Emphasizing the importance of child and maternal health and nutrition to international development, the Millennium Development Goals (MDGs) represent a global commitment to poverty and hunger eradication.1 The first MDG is to eradicate extreme hunger and poverty; one of the 3 targets of MDG 1 is to halve, between 1990 and 2015, the proportion of people who suffer from hunger. MDGs 4 and 5 focus on reducing child mortality and improving maternal health, both inextricably linked to nutrition and food security. The recent abrupt increase in food prices, in tandem with the current global economic crisis, threatens progress made in these areas and could prove a serious barrier to achievement of these goals.

WORKSHOP BACKGROUND

The Institute of Medicine (IOM), with funding from the Bill & Melinda Gates Foundation and the PepsiCo Foundation, held a workshop titled Mitigating the Nutritional Impacts of the Global Food Price Crisis on July 14–16, 2009, in Washington, DC, at the Kaiser Family Foundation’s Barbara Jordan Conference Center. The workshop was a collaboration between the IOM Board on Global Health and the Food and Nutrition Board, in consultation with the Board on Agriculture and Natural Resources. Presenters were chosen by a planning committee to describe the dynamic technological, agricultural, and economic issues contributing to the food price increases of 2007 and 2008, and their impacts on health and nutrition in resource-poor regions. The planning committee quickly realized that it was impossible to ignore the compounding effects of the current global economic downturn on nutrition. Subject matter experts were invited to the workshop and asked to discuss these tandem crises, their impacts on nutrition, and opportunities to mitigate their negative nutritional effects. The primary objectives of this workshop were to:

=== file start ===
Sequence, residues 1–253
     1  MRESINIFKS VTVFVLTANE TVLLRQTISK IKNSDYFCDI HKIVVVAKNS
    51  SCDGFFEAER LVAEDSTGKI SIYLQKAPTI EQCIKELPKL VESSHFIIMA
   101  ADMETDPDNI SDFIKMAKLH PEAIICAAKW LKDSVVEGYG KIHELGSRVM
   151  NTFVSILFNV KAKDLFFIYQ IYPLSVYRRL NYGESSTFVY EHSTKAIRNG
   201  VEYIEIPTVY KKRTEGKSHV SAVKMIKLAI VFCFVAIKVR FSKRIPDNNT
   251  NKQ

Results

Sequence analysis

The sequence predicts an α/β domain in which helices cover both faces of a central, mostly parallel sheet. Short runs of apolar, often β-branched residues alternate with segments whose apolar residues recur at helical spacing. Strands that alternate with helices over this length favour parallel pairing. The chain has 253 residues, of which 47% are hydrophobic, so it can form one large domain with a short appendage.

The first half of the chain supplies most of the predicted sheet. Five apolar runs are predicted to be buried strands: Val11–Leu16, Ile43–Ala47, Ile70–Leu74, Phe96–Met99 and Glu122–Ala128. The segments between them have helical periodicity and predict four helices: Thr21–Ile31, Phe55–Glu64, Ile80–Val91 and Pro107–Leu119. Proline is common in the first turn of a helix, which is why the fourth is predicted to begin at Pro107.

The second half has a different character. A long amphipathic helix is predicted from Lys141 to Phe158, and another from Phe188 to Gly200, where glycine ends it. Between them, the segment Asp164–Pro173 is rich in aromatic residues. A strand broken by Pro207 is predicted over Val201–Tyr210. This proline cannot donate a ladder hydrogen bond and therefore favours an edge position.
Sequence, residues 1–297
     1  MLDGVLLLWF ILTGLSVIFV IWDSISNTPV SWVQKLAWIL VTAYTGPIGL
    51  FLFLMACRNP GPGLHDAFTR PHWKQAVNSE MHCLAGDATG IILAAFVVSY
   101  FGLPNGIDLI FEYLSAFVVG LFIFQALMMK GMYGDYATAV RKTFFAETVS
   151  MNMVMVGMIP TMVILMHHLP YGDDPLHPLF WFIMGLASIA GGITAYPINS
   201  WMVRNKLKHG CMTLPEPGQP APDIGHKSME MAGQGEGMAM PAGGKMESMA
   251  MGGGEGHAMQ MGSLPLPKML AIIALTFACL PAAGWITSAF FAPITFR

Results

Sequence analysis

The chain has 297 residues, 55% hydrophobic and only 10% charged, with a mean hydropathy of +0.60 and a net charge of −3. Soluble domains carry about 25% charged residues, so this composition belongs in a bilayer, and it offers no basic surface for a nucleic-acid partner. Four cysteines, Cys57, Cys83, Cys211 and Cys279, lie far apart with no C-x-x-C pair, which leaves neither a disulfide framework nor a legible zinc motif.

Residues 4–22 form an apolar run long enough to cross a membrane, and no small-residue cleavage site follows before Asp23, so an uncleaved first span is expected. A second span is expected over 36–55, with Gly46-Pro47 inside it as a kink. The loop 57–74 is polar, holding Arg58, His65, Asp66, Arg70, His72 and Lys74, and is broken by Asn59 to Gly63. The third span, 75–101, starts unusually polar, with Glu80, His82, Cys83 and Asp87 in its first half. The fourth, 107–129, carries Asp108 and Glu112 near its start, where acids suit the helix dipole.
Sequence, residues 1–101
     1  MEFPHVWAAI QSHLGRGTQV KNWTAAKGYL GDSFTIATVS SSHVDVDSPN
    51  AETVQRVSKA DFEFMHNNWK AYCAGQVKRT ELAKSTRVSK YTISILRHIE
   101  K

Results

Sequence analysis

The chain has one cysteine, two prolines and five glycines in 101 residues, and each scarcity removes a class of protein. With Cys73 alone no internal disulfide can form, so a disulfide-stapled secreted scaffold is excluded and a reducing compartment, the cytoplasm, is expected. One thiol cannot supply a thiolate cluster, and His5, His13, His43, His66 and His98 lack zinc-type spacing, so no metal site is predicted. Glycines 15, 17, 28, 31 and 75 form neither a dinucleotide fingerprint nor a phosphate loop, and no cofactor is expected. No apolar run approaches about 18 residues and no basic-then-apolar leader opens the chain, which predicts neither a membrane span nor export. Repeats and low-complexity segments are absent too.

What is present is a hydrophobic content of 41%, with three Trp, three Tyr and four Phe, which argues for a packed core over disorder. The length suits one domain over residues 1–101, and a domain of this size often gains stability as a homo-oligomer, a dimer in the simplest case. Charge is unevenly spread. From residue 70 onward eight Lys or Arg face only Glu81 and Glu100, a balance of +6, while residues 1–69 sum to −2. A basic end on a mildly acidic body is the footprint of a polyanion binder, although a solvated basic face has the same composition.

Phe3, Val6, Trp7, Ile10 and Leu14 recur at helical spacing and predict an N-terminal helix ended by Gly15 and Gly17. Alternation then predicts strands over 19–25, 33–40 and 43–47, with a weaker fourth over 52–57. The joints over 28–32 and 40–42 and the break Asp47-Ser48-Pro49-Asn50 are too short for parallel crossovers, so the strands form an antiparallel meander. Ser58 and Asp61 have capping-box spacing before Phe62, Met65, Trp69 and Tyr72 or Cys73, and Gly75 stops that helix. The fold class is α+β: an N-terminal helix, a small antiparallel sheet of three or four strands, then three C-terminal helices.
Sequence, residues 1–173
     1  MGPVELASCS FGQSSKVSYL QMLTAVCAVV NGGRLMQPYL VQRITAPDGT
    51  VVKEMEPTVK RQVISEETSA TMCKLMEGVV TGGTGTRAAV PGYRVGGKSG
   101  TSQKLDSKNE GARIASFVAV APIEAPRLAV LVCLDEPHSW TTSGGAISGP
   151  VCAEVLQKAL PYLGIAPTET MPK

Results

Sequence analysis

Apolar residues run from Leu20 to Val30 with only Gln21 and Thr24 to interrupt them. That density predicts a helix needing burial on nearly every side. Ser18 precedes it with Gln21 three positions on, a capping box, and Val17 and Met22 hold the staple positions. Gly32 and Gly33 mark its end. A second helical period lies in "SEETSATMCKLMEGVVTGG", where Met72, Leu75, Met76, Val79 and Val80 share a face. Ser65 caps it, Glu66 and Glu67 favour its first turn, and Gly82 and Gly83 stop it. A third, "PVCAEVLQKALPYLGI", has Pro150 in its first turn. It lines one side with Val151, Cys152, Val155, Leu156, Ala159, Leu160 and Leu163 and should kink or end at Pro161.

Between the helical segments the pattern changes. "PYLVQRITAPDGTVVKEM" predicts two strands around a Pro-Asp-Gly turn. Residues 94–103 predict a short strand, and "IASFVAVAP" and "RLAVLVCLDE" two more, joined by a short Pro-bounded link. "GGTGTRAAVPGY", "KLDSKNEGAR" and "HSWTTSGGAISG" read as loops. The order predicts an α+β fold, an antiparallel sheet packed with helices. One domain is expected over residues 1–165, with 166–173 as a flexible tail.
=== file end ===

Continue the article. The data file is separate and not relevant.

• Set the stage for the deliberations by having an overview of the recent food price crisis and how it, in tandem with the current economic crisis, affects developing countries;

  • Understand the pathways from the food price and economic crises to nutritional impact, including a discussion of existing evidence and vulnerable populations;

  • Understand the range of country experiences with the food price and economic crises and their impact on food security and nutrition, as well as country-level responses to these crises;

1

The MDGs were adopted in 2000 by the member nations of the United Nations and the world’s major development institutions.



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